Cary-Grove alum Priester working toward MLB debut
The time is drawing closer when Quinn Priester will get the call up from the Pittsburgh Pirates.
It may not come this summer, as Priester suffered a minor injury setback coming out of spring training and has made only two starts with the Double-A Altoona Curve.
MLB.com projects Priester, 21, to reach the big leagues by next season if the 2019 Cary-Grove graduate progresses as the Pirates hope.
"It's exciting. The weird thing is, we have so many call-ups, and a lot of guys I've pitched against or played with who are in the big leagues now," Priester said. "So it's like, 'Hey, they've gotten some hits, but I gotten those guys out and I know how to do that, and they're playing in the big leagues.' I feel like I definitely could, but I'm young and there are things I need to get better at.
"I'm encouraged with seeing a lot of young guys playing for us and having success. It gives everybody encouragement, they're our buddies, we played with these guys. That means we can do it too, there's no doubt about it, you just have to keep working hard."
Priester was Pittsburgh's No. 18 overall pick in the 2019 MLB First-Year Player Draft. The COVID-19 pandemic wiped out the regular minor league season for 2020 and Priester, a 6-foot-3, 210-pound right-hander, was 7-4 with a 3.04 ERA and 98 strikeouts in 97⅔ innings at single-A Greensboro last season.
Priester sustained an oblique strain on his left side on the final day of spring training and recently made his first two starts for Altoona. He has thrown seven innings, struck out eight and walked two and owns a 2.57 ERA.
The injury set him back about six weeks.
"It stunk. I hurt it pitching. Injuries are unavoidable," said Priester, who had one rehabilitation start each at Bradenton and Greensboro before joining the Curve. "You just have to get healthy again. We improved upon some things. I really pitch the same, just a little bit more efficiently.
"I threw a lot of strikes. That's what I'm happy about. That's the biggest thing is getting ahead and getting comfortable at the level. The first start was really, really good."
Priester is well aware that his 39 walks last season is not acceptable and is one of the most important things he will be working on this season.
Priester is ranked by MLB.com as the Pirates' No. 4 prospect and as No. 45 in the top 100 prospects for all teams. Dodgers prospect Bobby Miller, a 2017 McHenry graduate, is No. 34 and could get called up later this season.
Priester is focused on smaller goals to reach his big goal.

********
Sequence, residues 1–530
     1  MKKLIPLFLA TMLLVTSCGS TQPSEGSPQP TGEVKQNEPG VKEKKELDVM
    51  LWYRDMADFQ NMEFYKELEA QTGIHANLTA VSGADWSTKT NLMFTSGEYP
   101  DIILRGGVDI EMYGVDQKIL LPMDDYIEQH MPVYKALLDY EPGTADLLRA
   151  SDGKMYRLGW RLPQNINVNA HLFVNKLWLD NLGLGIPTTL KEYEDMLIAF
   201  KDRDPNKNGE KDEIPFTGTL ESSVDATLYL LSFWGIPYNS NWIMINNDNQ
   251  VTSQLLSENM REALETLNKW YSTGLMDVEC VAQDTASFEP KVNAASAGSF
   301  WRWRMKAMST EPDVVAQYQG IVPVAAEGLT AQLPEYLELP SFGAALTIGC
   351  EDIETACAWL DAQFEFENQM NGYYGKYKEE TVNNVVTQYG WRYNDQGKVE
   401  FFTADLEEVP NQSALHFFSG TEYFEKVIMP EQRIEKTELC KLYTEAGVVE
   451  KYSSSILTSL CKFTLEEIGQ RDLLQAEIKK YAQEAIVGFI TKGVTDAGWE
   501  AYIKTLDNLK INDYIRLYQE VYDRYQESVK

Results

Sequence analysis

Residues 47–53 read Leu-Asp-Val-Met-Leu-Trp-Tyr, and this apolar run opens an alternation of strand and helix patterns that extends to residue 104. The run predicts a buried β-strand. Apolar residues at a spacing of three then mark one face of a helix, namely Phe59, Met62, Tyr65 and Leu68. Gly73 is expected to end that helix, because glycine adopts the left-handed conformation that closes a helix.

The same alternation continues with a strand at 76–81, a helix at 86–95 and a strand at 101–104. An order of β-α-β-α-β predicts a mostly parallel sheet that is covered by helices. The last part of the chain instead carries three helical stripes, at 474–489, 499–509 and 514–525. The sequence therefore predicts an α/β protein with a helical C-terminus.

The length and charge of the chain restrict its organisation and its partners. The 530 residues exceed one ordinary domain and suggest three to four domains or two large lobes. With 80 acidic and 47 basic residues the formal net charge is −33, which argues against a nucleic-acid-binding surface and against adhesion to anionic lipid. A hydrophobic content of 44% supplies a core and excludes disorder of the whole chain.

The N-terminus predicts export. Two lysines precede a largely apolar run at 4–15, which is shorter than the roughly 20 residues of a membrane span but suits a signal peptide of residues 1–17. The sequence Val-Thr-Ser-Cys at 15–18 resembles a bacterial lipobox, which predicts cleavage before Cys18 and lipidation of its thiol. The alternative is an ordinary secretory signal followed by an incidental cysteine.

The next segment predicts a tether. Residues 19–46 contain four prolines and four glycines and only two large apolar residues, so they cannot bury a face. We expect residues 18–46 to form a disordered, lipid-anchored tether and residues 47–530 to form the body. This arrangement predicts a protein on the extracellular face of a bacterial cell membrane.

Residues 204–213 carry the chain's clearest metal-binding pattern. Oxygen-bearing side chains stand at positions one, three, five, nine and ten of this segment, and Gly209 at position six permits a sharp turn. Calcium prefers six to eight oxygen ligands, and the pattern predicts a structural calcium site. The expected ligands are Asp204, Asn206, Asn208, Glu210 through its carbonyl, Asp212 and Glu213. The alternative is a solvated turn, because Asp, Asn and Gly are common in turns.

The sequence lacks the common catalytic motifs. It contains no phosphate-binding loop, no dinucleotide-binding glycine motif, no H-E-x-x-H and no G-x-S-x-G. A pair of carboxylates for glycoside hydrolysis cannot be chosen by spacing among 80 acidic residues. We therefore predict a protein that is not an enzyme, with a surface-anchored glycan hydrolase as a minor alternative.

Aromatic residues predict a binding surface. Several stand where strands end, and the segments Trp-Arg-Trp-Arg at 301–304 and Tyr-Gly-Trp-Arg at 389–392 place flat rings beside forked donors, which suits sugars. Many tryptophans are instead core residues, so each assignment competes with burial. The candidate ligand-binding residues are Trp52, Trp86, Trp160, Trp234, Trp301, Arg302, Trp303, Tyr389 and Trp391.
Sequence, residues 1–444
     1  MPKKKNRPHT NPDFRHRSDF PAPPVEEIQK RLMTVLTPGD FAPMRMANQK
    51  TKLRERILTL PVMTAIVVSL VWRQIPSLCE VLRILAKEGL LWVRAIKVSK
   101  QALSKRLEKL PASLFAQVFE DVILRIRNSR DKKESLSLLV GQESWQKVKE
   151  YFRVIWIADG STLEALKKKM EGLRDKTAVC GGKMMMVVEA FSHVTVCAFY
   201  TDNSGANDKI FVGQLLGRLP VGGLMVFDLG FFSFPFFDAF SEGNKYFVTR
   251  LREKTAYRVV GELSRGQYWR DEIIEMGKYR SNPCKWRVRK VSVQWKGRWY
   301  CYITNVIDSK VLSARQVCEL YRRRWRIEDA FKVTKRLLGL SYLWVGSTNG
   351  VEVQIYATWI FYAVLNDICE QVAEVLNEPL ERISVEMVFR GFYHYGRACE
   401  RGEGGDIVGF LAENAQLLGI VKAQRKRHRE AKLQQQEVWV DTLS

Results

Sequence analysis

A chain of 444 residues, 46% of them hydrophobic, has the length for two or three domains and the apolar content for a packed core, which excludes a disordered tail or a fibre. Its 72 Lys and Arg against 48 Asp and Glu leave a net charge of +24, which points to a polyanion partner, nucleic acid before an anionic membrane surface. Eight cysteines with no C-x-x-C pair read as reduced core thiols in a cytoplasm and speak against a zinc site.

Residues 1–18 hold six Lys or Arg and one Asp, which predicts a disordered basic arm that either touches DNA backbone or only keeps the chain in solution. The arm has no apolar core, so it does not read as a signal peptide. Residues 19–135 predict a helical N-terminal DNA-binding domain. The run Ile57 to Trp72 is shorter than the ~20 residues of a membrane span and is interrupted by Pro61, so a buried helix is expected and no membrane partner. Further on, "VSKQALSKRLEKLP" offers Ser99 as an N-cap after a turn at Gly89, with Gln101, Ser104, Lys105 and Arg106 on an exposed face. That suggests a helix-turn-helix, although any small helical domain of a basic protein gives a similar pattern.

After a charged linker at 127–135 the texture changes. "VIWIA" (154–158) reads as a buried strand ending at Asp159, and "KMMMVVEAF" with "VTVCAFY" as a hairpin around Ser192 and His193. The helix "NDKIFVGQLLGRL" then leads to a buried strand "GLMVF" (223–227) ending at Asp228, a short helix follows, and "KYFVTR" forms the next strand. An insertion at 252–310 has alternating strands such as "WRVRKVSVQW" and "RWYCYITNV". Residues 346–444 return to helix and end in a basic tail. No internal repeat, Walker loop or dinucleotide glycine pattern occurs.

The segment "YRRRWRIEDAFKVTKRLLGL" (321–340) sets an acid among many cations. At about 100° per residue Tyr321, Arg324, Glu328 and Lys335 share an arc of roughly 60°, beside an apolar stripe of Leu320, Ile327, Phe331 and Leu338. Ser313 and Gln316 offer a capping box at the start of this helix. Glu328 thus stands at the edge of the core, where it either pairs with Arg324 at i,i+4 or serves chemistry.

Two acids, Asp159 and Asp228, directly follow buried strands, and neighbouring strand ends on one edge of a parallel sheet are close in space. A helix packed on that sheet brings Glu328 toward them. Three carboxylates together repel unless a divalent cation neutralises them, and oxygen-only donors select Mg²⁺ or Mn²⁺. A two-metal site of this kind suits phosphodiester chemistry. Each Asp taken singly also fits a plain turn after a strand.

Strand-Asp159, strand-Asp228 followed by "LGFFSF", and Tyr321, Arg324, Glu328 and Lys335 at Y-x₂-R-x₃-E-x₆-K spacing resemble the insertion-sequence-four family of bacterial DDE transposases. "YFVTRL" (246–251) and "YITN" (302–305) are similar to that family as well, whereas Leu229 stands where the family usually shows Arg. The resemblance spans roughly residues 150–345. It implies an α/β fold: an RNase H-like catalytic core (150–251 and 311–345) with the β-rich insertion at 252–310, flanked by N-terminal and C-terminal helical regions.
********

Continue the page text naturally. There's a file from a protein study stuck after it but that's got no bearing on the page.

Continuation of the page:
"Everything needs to get a little bit better," Priester said. "The stuff's good enough. Last year, the knock on me was walks, and that's something that I've gotten better at, being in the strike zone. Simplifying everything by speeding it up a little bit has helped a lot.
"The more I get comfortable with what I'm doing, the better thing are going to get, too. The deeper I get to work into games, the more I'll be challenged, the better I'll end up getting and hopefully pitch my way into a spot in Pittsburgh as soon as I can."
Priester is enjoying the challenge of facing Double-A hitters, who he says are more adept at making quick adjustments.
"Throwing a lot strikes early and throwing breaking balls late has been working, so those guys will adjust and know the breaking ball's coming late and spoil them," Priester said. "It's good to see that because you have to make those adjustments and read the game batter to batter.
"If a guy's trying to hit fastballs early in the count, throw him a breaking ball and get ahead. It's fun seeing the cat-and-mouse game again with the pitcher and hitter. I feel like these guys make adjustments really fast."
Priester is playing for manager Kieran Mattison again this season. Mattison was promoted to Altoona after leading the Greensboro Grasshoppers High-A East championship series.
Mattison told Anthony Murphy of PiratesProspects.com an interesting story about Priester regarding his competitiveness. Priester was done pitching in Game 4 of the series, which was headed to a fifth and deciding game. Priester told Mattison he would be in the bullpen if needed.
The skipper passed, not wanting to risk anything with such a valued prospect, but appreciated Priester's attitude.
Priester knows his time will come, likely in the not-too-distant future, if he just keeps working.
"You play well and things will take care of themselves. I don't control where and when I get moved, but I control how I pitch," he said. "I enjoy being in Altoona with the guys I'm with now and trying to win games with them and trying to get better and eventually become a major league pitcher as soon as I can.
"I'm not thinking this year or next year, I'm just going to keep doing what I'm doing and keep my head down. I trust it'll happen sooner rather than later, given the work I've been putting in."